Tuesday, July 17, 2007


DPF has posted his submission on the Crimes (Repeal of Seditious Offences) Amendment Bill. Here's mine. I'll be submitting this electronically later this afternoon, so if you have comments or suggestions, best email them quickly.

  1. I support the Crimes (Repeal of Seditious Offences) Amendment Bill.
  2. The crime of sedition is an archaic remnant of feudalism. It is incompatible with the freedom of speech respected in modern democracies and affirmed in the New Zealand Bill of Rights Act 1990.
  3. The law is aimed primarily at speech, rather than action. While some speech, such as direct and immediate threats of violence, should be criminal, a proper respect for freedom of speech means that any criminalisation of speech alone should meet a very high bar. The traditional limit is Justice Holmes’ “shouting fire in a crowded theatre” : speech must cause a clear and present danger to public safety, or be likely to cause imminent lawless action in order to justify restriction. The law of sedition does not meet that threshold.
  4. The definition of a “seditious intention” is both broad and vague, to the extent that whether speech is criminal or not is almost entirely a matter of interpretation. Constitutional lawyer Albert Venn Dicey argued that if the law was interpreted strictly, it would outlaw practically all political dissent. Sir Kenneth Keith made a similar point, arguing that the law could be used to target peaceful protest or those advocating civil disobedience .
  5. The explicit targeting of speech “bring[ing] into hatred or contempt, or [exciting] disaffection against” the monarch or the government is undemocratic. As one MP noted, “every day in Parliament we do just that” . As for the monarch, I do not see why she or the institution she represents should be held sacred; whatever its merits, it should not be a crime to advocate republicanism, or any other system of government.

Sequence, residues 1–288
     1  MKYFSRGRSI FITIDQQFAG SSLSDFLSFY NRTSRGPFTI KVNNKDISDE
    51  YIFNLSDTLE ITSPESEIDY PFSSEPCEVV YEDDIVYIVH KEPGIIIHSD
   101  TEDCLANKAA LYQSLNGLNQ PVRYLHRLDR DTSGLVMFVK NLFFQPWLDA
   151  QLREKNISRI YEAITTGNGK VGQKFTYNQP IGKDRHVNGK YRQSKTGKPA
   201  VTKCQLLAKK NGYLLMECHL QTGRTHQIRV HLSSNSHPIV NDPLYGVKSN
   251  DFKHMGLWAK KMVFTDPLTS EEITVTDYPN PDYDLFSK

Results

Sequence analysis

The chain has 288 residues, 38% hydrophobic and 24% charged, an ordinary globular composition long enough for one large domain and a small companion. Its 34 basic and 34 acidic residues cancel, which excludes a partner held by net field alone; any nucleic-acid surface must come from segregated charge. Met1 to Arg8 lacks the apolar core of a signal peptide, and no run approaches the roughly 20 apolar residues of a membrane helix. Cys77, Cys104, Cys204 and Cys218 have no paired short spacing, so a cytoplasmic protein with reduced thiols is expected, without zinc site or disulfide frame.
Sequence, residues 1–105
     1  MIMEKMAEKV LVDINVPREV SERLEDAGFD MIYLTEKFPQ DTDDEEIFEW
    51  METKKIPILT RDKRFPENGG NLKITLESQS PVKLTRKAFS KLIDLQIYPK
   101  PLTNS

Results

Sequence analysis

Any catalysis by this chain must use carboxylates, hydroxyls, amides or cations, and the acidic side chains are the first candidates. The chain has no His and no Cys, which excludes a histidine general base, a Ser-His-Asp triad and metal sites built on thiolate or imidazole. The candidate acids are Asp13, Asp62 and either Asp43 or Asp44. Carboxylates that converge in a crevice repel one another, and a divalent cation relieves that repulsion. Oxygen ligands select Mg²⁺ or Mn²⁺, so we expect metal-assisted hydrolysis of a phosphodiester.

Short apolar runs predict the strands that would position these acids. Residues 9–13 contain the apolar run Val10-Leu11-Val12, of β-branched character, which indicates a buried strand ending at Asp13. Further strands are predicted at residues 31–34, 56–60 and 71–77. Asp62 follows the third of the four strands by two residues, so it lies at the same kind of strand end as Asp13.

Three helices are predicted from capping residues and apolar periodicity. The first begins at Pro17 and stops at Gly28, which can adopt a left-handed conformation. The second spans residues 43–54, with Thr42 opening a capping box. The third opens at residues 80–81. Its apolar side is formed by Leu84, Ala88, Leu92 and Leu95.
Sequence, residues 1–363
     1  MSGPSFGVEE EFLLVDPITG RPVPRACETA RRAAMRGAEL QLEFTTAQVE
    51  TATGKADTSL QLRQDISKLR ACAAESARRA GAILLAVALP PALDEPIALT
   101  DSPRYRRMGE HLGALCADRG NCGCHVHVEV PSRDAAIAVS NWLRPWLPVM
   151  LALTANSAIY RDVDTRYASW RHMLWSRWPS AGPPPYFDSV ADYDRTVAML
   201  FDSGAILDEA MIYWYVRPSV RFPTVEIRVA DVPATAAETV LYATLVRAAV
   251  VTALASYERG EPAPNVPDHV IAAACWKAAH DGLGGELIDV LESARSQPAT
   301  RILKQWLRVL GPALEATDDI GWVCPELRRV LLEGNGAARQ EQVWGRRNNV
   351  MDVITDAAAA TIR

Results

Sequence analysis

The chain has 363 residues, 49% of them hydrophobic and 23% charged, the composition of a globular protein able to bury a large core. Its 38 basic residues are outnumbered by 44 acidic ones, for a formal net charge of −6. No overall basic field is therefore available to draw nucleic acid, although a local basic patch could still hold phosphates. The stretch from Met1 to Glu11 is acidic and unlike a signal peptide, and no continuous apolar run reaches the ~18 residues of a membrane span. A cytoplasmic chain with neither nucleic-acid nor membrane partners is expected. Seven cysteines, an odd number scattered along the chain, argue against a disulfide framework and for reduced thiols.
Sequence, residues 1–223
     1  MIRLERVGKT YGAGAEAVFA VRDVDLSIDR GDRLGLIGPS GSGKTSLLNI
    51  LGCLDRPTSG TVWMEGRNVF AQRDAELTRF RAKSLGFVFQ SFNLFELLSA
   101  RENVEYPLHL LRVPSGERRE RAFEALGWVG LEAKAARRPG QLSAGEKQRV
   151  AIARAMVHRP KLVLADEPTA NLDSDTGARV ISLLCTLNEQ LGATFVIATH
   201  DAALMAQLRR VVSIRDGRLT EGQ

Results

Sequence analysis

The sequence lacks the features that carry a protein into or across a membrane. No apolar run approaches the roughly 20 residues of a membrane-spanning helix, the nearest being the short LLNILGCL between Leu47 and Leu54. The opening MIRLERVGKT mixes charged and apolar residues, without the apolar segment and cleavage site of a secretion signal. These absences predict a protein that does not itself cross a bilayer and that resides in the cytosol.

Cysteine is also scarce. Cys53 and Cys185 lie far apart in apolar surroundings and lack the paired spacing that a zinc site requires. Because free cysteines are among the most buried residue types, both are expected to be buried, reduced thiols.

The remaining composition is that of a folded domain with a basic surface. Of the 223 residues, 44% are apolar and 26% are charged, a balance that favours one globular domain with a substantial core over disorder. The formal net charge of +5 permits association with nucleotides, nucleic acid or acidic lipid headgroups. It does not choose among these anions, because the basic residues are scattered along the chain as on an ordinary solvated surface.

6. While the law includes a defence protecting speech made in “good faith”, it has rarely been successful in protecting political speech. To the contrary, the history of sedition prosecutions in New Zealand related in the Law Commission’s report shows that the law has consistently been abused to persecute those critical of government policy or whose political opinions were outside the “mainstream”.
  7. The Law Commission report includes a short history of sedition prosecutions in New Zealand. Others can be found on the blog No Right Turn at http://norightturn.blogspot.com/2005/08/sedition-by-example-index.html. It is worth noting that the victims of sedition include two former Prime Ministers (Peter Fraser and Walter Nash), three former Cabinet Ministers (Bob Semple, Hubert Armstrong, and Paddy Webb), and at least two other MPs (Harry Holland and Fred Cooke). All were members of the Labour Party, and prosecuted for their involvement in the labour movement, in socialist causes or for opposing conscription during the First World War. One of them – Webb – was prosecuted while a sitting MP, for a speech he gave during a local body election campaign.
  8. Some may be concerned about speech inciting violence. As the Law Commission pointed out, there are numerous offences in existing law which cover such cases – not least sections 66 (“parties to offences”) and 310 (“conspiring to commit offence”) of the Crimes Act 1961. Other possibilities include s87 (“Riot”), and s3 (“Disorderly behaviour”) of the Police Offences Act 1981. To the extent that it covers the direct incitement of actual violence or disorder, the law is unnecessary; and speech which falls short of that threshold should not be criminal at all.
  9. I ask that the committee support the bill and recommend that it proceed.
  10. I wish to make an oral submission to the Select Committee.

I'll do a Sedition by Example on Webb sometime, since its one of the most egregious abuses of an abusive law. Hopefully, it'll be the last one I have to do.

Update: The Holden Republic's submission is here.